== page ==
Florida sees dramatic rise in number of Cuban migrants

Border Report

(NewsNation) — One factor in the increased number of migrant encounters in the U.S. is an influx of people fleeing communist regimes. That includes Cubans, who often cross over water instead of land.

Cubans fleeing the country also reach the U.S. by way of Mexico, but many seek to come by boat. Key West, the most southern part of Florida, is just 90 miles from Cuba.

South Florida has seen high numbers of Cuban migrants recently. Statistics indicate U.S. authorities stopped Cubans nearly 221,000 times in the fiscal year ended Sept. 30, a 471% increase from the year before.

In October, Cubans replaced Venezuelans as the second-largest nationality seeking to cross into the U.S. after Mexicans, extending the biggest flight from the Caribbean island to the United States since the Mariel boatlift in 1980, according to figures released late Monday. Cubans were stopped 28,848 times, up 10% from September.

The Mariel boatlift occurred when Cuba’s late president, Fidel Castro, announced those who wished to leave the country would be allowed to do so. As a result, more than 100,000 Cubans immigrated to the U.S., most of them settling in Florida.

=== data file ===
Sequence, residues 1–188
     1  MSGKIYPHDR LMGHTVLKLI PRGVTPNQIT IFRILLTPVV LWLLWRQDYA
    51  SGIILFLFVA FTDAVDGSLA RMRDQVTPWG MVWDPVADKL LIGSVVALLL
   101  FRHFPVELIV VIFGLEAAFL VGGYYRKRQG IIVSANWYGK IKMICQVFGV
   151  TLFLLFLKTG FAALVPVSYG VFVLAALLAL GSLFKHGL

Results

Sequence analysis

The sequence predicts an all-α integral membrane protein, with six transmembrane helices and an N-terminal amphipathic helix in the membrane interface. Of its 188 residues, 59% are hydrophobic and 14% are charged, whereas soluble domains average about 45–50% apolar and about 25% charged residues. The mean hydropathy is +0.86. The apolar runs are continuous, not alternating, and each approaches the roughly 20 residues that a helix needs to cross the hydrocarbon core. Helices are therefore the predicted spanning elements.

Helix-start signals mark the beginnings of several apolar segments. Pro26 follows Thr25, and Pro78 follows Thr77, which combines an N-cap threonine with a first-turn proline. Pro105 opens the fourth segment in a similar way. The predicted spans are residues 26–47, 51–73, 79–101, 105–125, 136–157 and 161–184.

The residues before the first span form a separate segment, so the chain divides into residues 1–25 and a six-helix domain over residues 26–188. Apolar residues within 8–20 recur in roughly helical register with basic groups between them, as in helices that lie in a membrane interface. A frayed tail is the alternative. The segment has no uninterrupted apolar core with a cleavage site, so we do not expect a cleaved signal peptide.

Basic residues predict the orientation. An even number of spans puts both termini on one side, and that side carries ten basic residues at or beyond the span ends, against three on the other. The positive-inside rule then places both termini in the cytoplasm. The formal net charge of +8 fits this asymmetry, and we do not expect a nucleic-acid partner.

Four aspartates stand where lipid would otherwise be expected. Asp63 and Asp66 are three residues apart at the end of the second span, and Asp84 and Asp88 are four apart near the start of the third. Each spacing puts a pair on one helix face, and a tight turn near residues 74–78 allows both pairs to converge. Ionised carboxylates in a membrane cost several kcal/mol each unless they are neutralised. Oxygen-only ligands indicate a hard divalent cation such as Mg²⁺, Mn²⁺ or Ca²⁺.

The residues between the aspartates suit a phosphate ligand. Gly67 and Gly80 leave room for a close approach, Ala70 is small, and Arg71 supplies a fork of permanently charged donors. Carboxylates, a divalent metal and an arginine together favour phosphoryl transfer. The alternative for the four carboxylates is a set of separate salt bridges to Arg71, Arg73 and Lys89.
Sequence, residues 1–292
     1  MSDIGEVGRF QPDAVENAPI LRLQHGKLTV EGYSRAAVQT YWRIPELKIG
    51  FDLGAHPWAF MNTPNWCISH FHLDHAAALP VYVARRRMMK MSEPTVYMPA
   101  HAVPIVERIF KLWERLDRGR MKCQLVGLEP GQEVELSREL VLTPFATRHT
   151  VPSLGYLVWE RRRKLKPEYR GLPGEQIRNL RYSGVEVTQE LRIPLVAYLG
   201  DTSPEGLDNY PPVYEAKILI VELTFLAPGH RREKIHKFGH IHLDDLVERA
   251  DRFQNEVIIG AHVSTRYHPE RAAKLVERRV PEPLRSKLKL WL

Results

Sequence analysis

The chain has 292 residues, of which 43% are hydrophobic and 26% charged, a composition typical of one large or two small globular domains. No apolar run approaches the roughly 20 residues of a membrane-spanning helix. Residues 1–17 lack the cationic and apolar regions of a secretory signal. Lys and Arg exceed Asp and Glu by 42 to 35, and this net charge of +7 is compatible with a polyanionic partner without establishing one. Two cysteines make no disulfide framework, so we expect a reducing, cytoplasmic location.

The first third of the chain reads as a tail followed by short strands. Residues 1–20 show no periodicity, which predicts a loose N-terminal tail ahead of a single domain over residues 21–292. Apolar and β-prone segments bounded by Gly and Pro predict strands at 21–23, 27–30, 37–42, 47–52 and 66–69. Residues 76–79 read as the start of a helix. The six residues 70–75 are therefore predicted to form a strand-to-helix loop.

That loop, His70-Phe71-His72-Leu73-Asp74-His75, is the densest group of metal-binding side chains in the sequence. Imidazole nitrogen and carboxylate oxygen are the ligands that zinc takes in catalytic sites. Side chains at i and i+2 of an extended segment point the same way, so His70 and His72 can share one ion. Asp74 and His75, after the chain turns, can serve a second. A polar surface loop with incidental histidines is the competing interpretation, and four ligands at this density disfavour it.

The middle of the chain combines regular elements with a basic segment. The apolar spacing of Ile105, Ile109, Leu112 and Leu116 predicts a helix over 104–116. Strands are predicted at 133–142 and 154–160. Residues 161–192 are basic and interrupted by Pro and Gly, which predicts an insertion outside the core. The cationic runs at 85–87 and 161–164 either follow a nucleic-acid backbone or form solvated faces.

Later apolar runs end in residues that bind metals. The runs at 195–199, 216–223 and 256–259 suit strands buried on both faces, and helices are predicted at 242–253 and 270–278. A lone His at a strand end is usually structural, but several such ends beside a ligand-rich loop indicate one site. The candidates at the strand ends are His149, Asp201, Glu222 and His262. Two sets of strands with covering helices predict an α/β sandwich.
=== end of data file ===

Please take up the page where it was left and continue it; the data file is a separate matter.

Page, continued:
The boatlift followed earlier waves of immigration from Cuba as Cubans fled following the revolution that brought Castro to power.

This latest mass migration is fueled by a complex mix of economic and political turmoil exacerbated by a deepening energy crisis and devastation wrought by Hurricane Ian in late September.

U.S. and Cuban officials met in Havana on Tuesday to discuss migration. While the State Department did not offer specifics on what would be discussed, it said the talks were routine and represent a continuation of a nearly 30-year engagement with Cuba on migration matters as neighboring states. 

The Associated Press contributed to this report.

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